The Paralyzing Paradox of Possibility

Having too many choices can be paralyzing.

Right decison road sign

Especially for entrepreneurs, who tend to have dozens of ideas per day, and see possibilities everywhere, this can become a real problem.

There’s a saying in marketing: a confused mind never buys.

If you’re an entrepreneur who has so many great ideas you can’t seem to choose which one to focus on, your answer is glaringly obvious (but probably difficult for you to recognize).

You just need to limit your choices.

Write all your ideas down (in a Moleskine journal, for instance). Then you can feel safe knowing that they are securely stored for the future.

When it comes time to choose your next project, however, limit yourself to choosing from your top three current ideas.

Don’t become paralyzed by the paradox of possibility.

Question: have you ever felt frozen by having too many possibilities to choose from? How did you overcome that?

Please note: I reserve the right to delete comments that are offensive or off-topic.

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10 thoughts on “The Paralyzing Paradox of Possibility

  1. It’s like a vicious circle, I know what I’m called to do, but a seemingly great idea shows up. I want to pursue the shiny object, but confusion leads to inaction. Then I think I need a new idea to rescue me from the doldrums, but that leads me further down the paralysis spiral, leading to doubting whether I was called to business at all. Thankfully I’m married to an awesome woman who gets me back on track by reminding me of the power of one. One idea + one coach + one focus = results

  2. A great man once said to me “The secret of success is to work on your business rather than in your business”
    Pro’s and con’s to this position are you will avoid information overload, get much more done, be more strategic and more efficient. All these things sounds great, but the downside is you need money to outsource those things you do not feel comfortable with or that would impede your progress

  3. “You just need to limit your choices”

    I was always scared to limit my choices because I was scared of missing out, so I tried to do everything, which just frustrated me and everyone around me! Then a friend told me that the “fear of missing out” was simply a spirit of poverty. I wanted to do everything because I didn’t really believe God had an abundance for me right where I was.

    I’m still doing many different things, but that’s because of my need for variety, it’s no longer driven by fear of missing out. It’s a great feeling!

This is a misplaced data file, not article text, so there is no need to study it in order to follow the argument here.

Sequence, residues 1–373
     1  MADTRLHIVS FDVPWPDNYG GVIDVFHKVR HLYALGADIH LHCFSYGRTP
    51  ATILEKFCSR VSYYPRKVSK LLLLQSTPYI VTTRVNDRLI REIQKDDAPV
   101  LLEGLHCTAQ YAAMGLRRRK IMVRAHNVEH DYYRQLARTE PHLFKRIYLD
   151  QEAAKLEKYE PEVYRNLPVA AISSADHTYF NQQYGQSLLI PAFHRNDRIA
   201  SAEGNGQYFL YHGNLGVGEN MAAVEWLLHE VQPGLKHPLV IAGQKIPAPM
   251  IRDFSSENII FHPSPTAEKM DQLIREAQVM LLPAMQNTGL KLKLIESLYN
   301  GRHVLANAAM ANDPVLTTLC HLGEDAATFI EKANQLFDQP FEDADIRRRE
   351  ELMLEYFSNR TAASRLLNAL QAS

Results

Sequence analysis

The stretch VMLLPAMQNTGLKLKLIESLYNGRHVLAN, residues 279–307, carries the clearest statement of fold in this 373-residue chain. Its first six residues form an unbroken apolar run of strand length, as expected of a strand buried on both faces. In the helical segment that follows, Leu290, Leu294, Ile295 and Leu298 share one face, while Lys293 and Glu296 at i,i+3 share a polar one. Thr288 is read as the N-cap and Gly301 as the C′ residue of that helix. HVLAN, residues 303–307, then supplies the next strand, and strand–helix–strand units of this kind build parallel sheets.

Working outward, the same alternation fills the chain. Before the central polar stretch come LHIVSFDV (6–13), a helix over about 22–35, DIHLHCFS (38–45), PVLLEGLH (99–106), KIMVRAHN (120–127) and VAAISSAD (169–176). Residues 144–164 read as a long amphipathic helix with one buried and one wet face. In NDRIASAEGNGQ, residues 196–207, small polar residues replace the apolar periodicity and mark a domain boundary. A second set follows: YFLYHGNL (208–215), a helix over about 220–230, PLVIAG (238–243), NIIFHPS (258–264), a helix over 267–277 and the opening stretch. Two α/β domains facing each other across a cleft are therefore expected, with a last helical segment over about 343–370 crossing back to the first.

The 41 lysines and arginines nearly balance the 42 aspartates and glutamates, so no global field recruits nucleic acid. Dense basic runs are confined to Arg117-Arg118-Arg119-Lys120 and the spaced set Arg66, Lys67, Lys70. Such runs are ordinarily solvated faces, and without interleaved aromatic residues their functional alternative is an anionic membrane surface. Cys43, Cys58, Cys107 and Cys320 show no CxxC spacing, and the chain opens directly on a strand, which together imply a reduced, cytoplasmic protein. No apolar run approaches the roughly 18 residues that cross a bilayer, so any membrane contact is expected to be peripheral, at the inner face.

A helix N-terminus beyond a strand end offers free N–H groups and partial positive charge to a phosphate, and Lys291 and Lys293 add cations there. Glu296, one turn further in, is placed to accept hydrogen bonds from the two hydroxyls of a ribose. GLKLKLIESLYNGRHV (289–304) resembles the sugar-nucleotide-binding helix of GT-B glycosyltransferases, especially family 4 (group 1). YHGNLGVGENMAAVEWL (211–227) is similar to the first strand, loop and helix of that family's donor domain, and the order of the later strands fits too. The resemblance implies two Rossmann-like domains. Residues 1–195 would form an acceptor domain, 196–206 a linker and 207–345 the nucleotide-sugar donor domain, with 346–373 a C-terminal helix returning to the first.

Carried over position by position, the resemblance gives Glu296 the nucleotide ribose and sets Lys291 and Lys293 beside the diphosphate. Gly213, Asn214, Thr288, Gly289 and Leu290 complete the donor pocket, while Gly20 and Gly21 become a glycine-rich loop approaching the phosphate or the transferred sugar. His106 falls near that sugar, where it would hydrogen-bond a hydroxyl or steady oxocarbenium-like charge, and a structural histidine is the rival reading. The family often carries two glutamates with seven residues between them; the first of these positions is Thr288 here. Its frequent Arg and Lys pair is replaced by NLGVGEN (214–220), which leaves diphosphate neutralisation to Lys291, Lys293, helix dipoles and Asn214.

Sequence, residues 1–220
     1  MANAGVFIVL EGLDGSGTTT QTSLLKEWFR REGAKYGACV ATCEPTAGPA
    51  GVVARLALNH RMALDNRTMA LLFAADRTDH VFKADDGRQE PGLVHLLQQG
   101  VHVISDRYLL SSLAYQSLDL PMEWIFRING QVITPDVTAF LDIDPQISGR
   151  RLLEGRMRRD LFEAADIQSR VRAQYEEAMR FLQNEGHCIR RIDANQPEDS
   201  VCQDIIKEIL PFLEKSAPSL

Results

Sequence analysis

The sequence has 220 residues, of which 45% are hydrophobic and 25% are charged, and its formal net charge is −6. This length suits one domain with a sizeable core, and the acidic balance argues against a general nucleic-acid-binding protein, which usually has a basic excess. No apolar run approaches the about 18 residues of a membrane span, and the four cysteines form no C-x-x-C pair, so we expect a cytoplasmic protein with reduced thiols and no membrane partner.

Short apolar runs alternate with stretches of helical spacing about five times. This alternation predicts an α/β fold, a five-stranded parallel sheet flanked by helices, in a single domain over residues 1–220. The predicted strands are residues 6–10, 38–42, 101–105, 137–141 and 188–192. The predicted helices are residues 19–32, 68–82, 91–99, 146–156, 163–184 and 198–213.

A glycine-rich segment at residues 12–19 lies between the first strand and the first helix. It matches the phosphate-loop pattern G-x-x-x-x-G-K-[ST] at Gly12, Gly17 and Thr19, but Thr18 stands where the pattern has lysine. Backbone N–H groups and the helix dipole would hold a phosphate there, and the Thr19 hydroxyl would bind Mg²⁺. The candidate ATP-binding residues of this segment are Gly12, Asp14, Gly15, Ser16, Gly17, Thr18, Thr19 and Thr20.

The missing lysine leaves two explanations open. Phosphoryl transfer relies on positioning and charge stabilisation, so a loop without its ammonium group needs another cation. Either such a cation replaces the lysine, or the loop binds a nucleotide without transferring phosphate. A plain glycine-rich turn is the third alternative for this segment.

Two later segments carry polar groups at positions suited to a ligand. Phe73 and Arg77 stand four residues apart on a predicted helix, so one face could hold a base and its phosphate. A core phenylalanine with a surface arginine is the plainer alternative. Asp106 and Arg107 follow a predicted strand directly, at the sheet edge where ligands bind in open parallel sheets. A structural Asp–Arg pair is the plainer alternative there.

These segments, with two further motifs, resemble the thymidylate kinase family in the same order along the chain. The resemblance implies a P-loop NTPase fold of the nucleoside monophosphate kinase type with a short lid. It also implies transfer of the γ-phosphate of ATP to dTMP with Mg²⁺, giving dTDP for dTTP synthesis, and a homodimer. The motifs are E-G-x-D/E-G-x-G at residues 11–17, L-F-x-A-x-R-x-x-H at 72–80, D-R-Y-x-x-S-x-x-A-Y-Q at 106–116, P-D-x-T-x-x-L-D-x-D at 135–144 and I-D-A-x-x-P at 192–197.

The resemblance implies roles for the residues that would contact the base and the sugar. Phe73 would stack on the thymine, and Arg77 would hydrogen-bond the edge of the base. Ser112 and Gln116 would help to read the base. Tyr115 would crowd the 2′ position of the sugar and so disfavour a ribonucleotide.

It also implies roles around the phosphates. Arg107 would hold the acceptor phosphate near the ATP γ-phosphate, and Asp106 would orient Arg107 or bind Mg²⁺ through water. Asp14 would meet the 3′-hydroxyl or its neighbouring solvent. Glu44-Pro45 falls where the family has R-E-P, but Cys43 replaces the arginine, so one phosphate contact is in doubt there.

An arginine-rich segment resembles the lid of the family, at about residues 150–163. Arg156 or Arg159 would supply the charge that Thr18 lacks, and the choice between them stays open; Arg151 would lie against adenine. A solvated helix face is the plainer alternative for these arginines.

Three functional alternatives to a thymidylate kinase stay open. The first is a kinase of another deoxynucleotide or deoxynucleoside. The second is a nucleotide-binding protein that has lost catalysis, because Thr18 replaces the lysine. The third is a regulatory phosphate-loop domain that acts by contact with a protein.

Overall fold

I’ve only been following you for about a month, but I notice from your podcasts we have some of the same friends. I’ve appreciated your authenticity. As a pastor turned consultant I think sometimes I’ve been a little too “covert” and now I’ve decided to be more overt in my speaking and writing! Thank you!

  4. You bet I have been paralyzed by too many opportunities and possibilities. Every day almost. This week though after reading this post, and several others by you, I am starting over. Time management — the timer — email only once a day. And I have to stick to my plan. Thanks Ray!

  5. Oh my gosh Choices! I have sat and try to figure out what to do, and yes when you got too many choices you end up making no choice at all.. which is really a choice.. lol
    What I tend to do when it gets to that point where I just got too many things to choose from? I ask myself, what is most important? What can wait? What will make me money now or will it be something I can put off? Once I have made that choice to do one thing. It comes easier to do something.
    For example
    What I offer on my website gives you so many choices to choose from. I have worked really hard to trying to help my customer make a choice. If you got so many things of so many different colors, types etc it can stop someone from buying it! Just doing something simple like making categories so that they can search by color can make a sale. (I have been thanked for how I got things setup) 😉
    When you got too many choices of what you sell, you can make a customer feel dumb because they don’t know or understand what it is.

    So if you write, or add anything that stops that person from feeling dumb they tend to buy. No one likes to feel dumb even I have walked a way from buying something because I felt kinda of stupid for not understanding what it was used for. And I didn’t want to feel worse because I had to ask about it..